In the spring of 2005, acclaimed environmental photographer James Balog headed to the Arctic on a tricky assignment for National Geographic: to capture images to help tell the story of the Earth’s changing climate. Even with a scientific upbringing, Balog had been a skeptic about climate change. But that first trip north opened his eyes to the biggest story in human history and sparked a challenge within him that would put his career and his very well-being at risk.
Utilizing state-of-the-art equipment, Oscar®-winner Louie Psihoyos (The Cove) assembles a team of artists and activists intent on showing the world never-before-seen images that expose issues of endangered species and mass extinction.
In How to Let Go of the World and Love All The Things Climate Can’t Change, Oscar Nominated director Josh Fox (GASLAND) continues in his deeply personal style, investigating climate change – the greatest threat our world has ever known. Traveling to 12 countries on 6 continents, the film acknowledges that it may be too late to stop some of the worst consequences and asks, what is it that climate change can’t destroy? What is so deep within us that no calamity can take it away?
The award-winning documentary The Idiot Cycle (2009) about the companies involved in producing toxic chemicals, cancer treatments and genetically modified crops. Directed by Emmanuelle Schick Garcia and produced by Laila Tahhar and JPS Films.
50 Million Americans—1 in 4 children—don’t know where their next meal is coming from. A Place at the Table tells the powerful stories of three such Americans, who maintain their dignity even as they struggle just to eat. In a riveting journey that will change forever how you think about the hungry, A Place at the Tableshows how the issue could be solved forever, once the American public decides—as they have in the past—that ending hunger is in the best interests of us all.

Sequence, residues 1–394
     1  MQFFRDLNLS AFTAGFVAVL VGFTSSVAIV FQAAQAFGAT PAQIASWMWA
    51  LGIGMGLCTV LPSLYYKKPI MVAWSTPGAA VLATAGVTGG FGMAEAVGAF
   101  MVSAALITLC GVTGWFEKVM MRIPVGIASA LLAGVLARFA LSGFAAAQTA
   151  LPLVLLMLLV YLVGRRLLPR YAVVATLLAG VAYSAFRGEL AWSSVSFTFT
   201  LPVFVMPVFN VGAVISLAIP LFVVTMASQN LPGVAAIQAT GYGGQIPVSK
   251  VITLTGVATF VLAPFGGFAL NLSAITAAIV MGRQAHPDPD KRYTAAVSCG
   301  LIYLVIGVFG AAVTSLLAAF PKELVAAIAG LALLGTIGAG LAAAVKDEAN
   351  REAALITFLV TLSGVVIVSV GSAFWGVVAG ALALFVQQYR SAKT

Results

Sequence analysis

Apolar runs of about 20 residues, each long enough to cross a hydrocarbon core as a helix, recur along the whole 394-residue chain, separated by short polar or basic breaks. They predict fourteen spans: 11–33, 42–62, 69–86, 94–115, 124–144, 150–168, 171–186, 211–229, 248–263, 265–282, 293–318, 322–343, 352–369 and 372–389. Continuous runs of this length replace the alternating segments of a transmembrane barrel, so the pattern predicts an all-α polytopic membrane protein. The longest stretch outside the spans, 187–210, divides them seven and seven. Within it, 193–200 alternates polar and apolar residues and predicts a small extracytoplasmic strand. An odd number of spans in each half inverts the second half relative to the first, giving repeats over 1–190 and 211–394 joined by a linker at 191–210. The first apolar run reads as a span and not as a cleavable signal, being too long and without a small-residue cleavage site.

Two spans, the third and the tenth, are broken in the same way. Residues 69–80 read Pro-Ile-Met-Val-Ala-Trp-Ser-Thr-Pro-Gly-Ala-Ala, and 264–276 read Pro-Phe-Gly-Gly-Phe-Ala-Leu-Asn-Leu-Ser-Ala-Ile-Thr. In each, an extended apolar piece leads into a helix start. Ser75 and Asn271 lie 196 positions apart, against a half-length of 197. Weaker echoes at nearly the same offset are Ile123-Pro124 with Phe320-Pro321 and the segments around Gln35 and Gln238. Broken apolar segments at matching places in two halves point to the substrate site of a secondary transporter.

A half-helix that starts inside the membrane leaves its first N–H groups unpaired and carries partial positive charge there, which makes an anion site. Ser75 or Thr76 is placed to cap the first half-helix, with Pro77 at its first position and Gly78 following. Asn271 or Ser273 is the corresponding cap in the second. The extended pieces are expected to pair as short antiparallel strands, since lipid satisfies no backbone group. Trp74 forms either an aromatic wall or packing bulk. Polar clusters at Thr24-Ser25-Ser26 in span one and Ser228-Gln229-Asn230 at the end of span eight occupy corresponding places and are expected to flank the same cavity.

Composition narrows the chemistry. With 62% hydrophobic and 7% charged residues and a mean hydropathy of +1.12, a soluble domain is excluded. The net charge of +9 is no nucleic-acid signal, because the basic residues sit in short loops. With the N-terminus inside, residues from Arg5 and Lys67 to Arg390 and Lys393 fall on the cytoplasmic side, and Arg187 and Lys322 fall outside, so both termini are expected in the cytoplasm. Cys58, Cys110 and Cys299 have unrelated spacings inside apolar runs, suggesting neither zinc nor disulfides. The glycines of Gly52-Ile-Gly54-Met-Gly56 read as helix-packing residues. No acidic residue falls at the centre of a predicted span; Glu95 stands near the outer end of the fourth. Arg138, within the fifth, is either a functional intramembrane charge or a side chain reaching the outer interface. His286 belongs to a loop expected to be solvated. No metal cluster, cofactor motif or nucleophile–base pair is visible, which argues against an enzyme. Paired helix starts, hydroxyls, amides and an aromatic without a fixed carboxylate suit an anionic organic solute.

This is a story about clothing. It’s about the clothes we wear, the people who make them and the impact it’s having on our world. The price of clothing has been decreasing for decades, while the human and environmental costs have grown dramatically. The True Cost is a groundbreaking new documentary film that pulls back the curtain on an unseen part of our world and asks us each to consider, who pays the price for our clothing?
This powerful film odyssey across America explores the sea change in our national attitude from pride in big dams as engineering wonders to the growing awareness that our own future is bound to the life and health of our rivers. Dam removal has moved beyond the fictional Monkey Wrench Gang to go mainstream. Where obsolete dams come down, rivers bound back to life, giving salmon and other wild fish the right of return to primeval spawning grounds, after decades without access. DamNation¹s majestic cinematography and unexpected discoveries move through rivers and landscapes altered by dams, but also through a metamorphosis in values, from conquest of the natural world to knowing ourselves as part of nature. Learn more about the film and take action at damnationfilm.com.
FRESH trailer from ana joanes on Vimeo. FRESH celebrates the farmers, thinkers and business people across America who are re-inventing our food system. Each has witnessed the rapid transformation of our agriculture into an industrial model, and confronted the consequences: food contamination, environmental pollution, depletion of natural resources, and morbid obesity. Forging healthier, sustainable […]
Food, Inc. is a 2008 American documentary film directed by filmmaker Robert Kenner. The Academy Award-nominated film examines corporate farming in the United States, concluding that agribusiness produces food that is unhealthy, in a way that is environmentally harmful and abusive of both animals and employees.